Baylor’s Accelerated Nursing Program in Dallas Equips Students, Addresses Workforce ShortageMay 7, 2014
National Nurses Week highlights the United States’ largest health care profession
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Contact: Eric Eckert, 254-710-1964
WACO, Texas (May 7, 2014) – “You can do anything for a year.”
That’s the adage adopted by students enrolled in Baylor University’s Louise Herrington School of Nursing’s 12-month accelerated baccalaureate nursing program, known as FastBacc. In just three semesters – summer, fall and spring – students earn 62 credit hours and leave as registered nurses.
The coursework is intense. The model is rare. The results are tangible.
“Eighty-five percent of our students are employed prior to pinning, and 99 percent have jobs by the time they have their license,” said Nan Ketcham, M.S.N., senior lecturer and program coordinator.
Training qualified health care professionals is key as the nation experiences a nursing shortfall.
According to the American Nurses Association (ANA), which is celebrating National Nurses Week May 6-12, “nurses will be more crucial than ever” as the Affordable Care Act is fully implemented.
Nursing is the nation’s largest health care profession, with nearly three million employed professionals. However, the federal government projects more than one million new RNs will be needed by 2022 to fill new jobs and replace RNs who leave the profession, according to the ANA.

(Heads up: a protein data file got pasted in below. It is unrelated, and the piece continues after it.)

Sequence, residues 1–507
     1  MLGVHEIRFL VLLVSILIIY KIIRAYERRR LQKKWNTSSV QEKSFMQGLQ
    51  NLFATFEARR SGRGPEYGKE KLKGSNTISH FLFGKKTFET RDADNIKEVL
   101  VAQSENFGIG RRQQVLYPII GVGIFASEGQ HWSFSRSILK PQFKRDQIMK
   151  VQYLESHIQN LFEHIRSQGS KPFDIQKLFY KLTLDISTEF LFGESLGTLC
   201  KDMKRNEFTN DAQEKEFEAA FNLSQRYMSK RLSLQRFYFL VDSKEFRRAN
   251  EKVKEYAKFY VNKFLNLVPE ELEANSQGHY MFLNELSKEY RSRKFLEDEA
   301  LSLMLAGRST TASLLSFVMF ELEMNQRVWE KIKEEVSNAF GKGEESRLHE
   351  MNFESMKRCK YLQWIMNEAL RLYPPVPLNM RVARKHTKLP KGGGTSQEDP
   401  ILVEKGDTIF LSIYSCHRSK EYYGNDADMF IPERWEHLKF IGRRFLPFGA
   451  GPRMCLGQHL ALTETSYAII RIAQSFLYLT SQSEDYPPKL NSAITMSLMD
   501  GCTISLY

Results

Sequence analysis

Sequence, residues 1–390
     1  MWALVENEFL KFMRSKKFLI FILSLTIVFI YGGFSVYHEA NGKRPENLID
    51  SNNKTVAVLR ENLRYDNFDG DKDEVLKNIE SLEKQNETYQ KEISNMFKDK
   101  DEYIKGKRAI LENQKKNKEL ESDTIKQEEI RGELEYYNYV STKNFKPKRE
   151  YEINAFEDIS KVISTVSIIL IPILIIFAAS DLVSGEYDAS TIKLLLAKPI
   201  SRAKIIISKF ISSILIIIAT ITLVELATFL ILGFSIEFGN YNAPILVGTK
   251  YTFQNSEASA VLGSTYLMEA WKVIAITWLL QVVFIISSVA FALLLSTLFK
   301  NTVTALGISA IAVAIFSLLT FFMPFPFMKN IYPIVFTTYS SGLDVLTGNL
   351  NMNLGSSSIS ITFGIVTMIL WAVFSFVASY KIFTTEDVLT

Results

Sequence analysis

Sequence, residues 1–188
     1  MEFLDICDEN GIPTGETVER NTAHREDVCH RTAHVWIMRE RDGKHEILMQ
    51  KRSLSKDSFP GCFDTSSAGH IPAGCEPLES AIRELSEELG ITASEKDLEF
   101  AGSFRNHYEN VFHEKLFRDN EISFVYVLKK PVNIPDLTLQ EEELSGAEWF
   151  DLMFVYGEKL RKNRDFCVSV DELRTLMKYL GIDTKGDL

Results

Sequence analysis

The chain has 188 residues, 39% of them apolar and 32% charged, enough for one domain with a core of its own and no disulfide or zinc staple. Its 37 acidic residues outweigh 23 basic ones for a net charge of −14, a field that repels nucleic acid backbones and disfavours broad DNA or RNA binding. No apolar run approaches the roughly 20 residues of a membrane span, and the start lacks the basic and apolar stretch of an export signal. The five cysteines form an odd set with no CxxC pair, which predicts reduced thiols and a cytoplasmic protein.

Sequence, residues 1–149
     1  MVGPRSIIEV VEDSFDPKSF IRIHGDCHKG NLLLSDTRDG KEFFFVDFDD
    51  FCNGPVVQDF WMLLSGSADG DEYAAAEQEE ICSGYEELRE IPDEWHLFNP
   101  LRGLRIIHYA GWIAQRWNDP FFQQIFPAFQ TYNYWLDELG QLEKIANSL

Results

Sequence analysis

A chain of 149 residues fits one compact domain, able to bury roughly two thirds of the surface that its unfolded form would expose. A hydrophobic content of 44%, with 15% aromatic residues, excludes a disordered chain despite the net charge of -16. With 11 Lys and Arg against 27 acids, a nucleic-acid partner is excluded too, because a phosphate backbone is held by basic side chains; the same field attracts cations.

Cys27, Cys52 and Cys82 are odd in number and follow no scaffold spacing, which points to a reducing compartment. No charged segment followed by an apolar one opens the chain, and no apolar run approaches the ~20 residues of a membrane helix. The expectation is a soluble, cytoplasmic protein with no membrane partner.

Texas is no exception.
The Texas Center for Nursing Workforce Studies shows that there are approximately 195,000 registered nurses in the state. Based on 2006 projections, by 2020, Texas will need nearly 100,000 more.
The FastBacc program is doing its part to fill the gap, Ketcham said, adding that in 2008 Baylor sought to create a program that meets the needs of those seeking a career change to nursing and provides excellent training in a relatively short amount of time.
“At the time, there were 15-month programs and 18-month programs in Texas, but there were no 12-month programs,” she said. “We knew that students would need to quit their jobs and devote the time to this and we wanted them back in the workforce as nurses as soon as possible.”
Next week, the program will graduate 37 students – including its 100th.
Each year’s FastBacc class at Baylor is always full and there’s often a waiting list, Ketcham said. Classes are capped at 50-60 students due to the intensity of the curriculum.
“It’s definitely the most difficult thing I’ve ever done, but it’s also the most rewarding,” said Adrienne Ferguson (B.A. ’05, B.S.N. ’13), a former social worker. She graduated in 2013 and now works as a nurse in the Level-1 trauma center at Baylor University Medical Center.
“It’s over in 12 months and you wonder, ‘How did I do that?’” Ferguson said.
The pass rate for Baylor’s FastBacc graduates who take the National Council Licensure Examination for Registered Nurses is 97 percent. The School’s overall pass rate (including those students who take the traditional B.N. coursework) ranks in the top 15 percent nationally.
Students range in age from 23-52, and all of them have completed bachelor’s degrees in non-nursing disciplines – everything from criminal justice and communications to accounting and art.